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The Trump Effect on Today's Primary

(CNN) House Speaker Paul Ryan is aiming to move past a primary contest Tuesday that drew sudden national interest in recent weeks thanks to Republican nominee Donald Trump.

Just a week before the primary, Trump publicly thanked Paul Nehlen for his support and told The Washington Post he wasn't ready to endorse Ryan -- a move that came as payback for Ryan's slow-walked Trump endorsement in the spring.

Trump reversed course and announced his support for Ryan at a rally in Green Bay, Wisconsin, on Friday night. But it only came after he'd given major air time and attention to the little-known Nehlen. The GOP nominee went further Monday when he unveiled a tax package that closely tracked with proposals Ryan has backed in Congress.

Nehlen is a longshot: Polls in Wisconsin have consistently shown Ryan hovering above 80% support. And Trump lost Ryan's district to Ted Cruz by 19 percentage points in Wisconsin's presidential primary.

Some pro-Trump conservatives hope Ryan will suffer the same fate as former House Majority Leader Eric Cantor, R-Virginia, who lost a Republican primary two years ago to the little-known Dave Brat.

"I think Paul Ryan is soon to be 'Cantored,' as in Eric Cantor," 2008 GOP vice presidential nominee Sarah Palin said on CNN in May.

In a subtle jab at Nehlen, Ryan never mentions his opponent by name. Following the resignation of Speaker John Boehner, Ryan only took the top job in the House after insisting he be able to return home each weekend to his family. As he campaigns across his district, he reminds voters he has deep roots in the community and mentions in passing he recently ascended to his new job as the highest ranking Republican in Congress.

Indeed, Ryan isn't Cantor. Marquette University Law School surveys in June and July have shown he's popular with Republicans -- with 84% of those in his district viewing him favorably.

Still, Ryan has shifted on some positions -- including trade, where his rhetoric now is tinged with some of the populism of Trump and Nehlen. Nehlen, though, has cast the speaker as supportive of trade deals see as harmful to US jobs by Trump.

At a town hall at a local tools manufacturer in Racine Monday, Ryan made the case for trade deals broadly, saying the US needs to engage on the world stage. But when he was specifically asked about the Trans-Pacific Partnership by a worker, he criticized the deal. Ryan said it needs to be renegotiated, and that the votes aren't there to pass it.

It's a reversal from Ryan's stance a year ago -- when he'd touted the potential benefits of the Pacific Rim deal and said he hoped it would get a vote in Congress.

Ryan even invoked Trump's name, saying even Trump is for "good deals," but Ryan qualified that statement by adding a more robust defense for open markets.

"I don't think there's a high likelihood (of the TPP's passage) right now because ... we don't have the votes to pass it because people like me have problems with some significant provisions of it that we believe need to get fixed," he said. "But here's the point: we do need trade agreements. I know a lot of people say just get rid of trade agreements, don't do trade agreements, and that's terrible. That's a problem for us."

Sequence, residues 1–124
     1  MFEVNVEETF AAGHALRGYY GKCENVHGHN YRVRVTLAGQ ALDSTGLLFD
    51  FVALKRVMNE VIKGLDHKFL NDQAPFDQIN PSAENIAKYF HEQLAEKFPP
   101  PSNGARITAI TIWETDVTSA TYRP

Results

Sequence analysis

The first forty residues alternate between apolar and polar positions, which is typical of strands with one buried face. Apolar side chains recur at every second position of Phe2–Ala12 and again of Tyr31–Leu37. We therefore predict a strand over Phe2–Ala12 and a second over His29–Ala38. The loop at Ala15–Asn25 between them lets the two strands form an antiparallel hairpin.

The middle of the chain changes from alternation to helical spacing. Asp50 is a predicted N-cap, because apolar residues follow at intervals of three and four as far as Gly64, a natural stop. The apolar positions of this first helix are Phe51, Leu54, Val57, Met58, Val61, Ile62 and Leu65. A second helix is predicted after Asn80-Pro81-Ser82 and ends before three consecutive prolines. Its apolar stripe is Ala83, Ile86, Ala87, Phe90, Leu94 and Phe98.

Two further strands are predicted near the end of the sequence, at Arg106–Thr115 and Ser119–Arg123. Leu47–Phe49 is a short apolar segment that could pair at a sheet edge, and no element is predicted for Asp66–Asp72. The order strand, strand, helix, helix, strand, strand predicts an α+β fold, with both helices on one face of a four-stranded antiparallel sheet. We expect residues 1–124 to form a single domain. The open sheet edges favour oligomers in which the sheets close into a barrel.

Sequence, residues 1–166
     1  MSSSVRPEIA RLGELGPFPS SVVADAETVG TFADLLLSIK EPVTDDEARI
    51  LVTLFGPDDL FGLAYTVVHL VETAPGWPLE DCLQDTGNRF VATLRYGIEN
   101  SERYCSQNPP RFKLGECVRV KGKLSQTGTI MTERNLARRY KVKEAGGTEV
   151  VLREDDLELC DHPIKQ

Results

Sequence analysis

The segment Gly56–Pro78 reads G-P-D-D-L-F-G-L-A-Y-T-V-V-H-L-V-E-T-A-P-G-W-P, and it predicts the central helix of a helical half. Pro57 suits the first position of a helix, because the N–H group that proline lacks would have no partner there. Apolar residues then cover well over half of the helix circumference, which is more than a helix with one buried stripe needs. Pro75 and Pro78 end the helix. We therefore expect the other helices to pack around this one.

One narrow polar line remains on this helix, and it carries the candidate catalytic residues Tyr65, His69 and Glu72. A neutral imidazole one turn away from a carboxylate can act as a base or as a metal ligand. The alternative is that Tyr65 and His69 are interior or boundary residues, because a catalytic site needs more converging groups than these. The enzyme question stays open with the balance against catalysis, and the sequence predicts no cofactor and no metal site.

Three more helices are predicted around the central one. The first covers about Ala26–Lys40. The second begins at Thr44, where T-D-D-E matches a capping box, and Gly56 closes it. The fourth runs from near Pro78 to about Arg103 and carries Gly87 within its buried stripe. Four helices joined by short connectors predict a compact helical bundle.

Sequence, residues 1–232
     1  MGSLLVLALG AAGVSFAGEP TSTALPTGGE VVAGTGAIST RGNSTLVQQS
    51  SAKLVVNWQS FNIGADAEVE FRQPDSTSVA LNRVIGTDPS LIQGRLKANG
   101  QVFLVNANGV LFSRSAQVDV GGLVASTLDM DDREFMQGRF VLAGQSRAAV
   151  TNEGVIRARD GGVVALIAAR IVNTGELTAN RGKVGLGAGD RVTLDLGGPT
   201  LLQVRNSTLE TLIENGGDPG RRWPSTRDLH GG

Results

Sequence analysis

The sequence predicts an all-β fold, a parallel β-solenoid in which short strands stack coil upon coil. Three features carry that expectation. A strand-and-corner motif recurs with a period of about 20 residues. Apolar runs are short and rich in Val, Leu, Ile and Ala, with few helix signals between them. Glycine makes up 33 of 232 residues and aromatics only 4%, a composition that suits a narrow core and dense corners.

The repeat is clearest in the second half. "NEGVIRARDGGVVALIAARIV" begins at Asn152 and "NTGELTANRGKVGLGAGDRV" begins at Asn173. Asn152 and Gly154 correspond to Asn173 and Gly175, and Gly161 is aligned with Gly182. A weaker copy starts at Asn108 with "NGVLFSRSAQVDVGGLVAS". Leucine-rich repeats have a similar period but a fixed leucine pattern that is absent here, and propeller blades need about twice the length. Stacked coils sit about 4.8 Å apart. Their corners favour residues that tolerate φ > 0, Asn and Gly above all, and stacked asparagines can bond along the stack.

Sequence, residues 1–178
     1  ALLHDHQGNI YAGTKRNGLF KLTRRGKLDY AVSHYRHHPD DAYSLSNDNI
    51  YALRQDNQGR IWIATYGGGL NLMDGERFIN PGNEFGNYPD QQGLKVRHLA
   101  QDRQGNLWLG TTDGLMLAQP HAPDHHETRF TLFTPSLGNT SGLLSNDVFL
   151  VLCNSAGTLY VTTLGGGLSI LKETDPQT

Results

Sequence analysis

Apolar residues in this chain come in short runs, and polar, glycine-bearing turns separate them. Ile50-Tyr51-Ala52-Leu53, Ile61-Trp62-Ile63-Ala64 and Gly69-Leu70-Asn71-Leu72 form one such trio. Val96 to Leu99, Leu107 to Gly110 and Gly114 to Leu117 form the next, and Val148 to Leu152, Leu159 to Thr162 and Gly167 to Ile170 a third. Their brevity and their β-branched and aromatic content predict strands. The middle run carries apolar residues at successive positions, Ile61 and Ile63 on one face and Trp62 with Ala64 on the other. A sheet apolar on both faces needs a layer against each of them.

Then, pointing to Trump's position, Ryan said: "The question is, is it a good agreement or not. And that's what, yeah, and that's what Donald Trump says is right, is we want good trade agreements. We don't want bad ones, we want good ones. But you've got to have, in an economy like this, good ones so we can make it here and sell it over there instead of making it there to sell it over there. That's the difference here."

Nehlen has tried to use the speaker's pro-trade views against him ahead of the primary.

There were about 100 blue-collar workers at this plant, where Ryan fielded a handful of questions from employees, including one on the Green Bay Packers' chances this year. Trump did not come up other than Ryan's mention of him as it relates to trade. Ryan did not take press questions.

In recent days, Ryan has blitzed Wisconsin's talk radio airwaves, conducting several interviews daily with local hosts -- many of whom were critical of Trump in the state's GOP presidential primary in May.

Ryan had dismissed the importance of a Trump endorsement Friday morning in another local radio interview with WISN's Jay Weber.

"I'm not going to try and psychoanalyze this stuff," the House speaker told Weber. "Honestly, the endorsement, personally the ones that I care about, are the ones from the people here in Wisconsin, my first congressional district employers. So you know I'm just going to rise above this stuff, and I'm not going to get involved in some sort of petty back and forth, I see no purpose in doing that."

Still, Trump offered his support later that night.

"We will have disagreements, but we will disagree as friends and never stop working together toward victory. And very importantly, toward real change," Trump said, reading off a prepared statement. "So in our shared mission, to make America great again, I support and endorse our speaker of the House, Paul Ryan."

At an event at a manufacturing plant in Pleasant Prairie, Wisconsin, on Monday, Ryan waved off a plea from one Hispanic-American voter offended by Trump's comments who asked if there was still time to replace the GOP nominee on the ticket with a candidate like himself.

Ryan said Trump won "fair and square."

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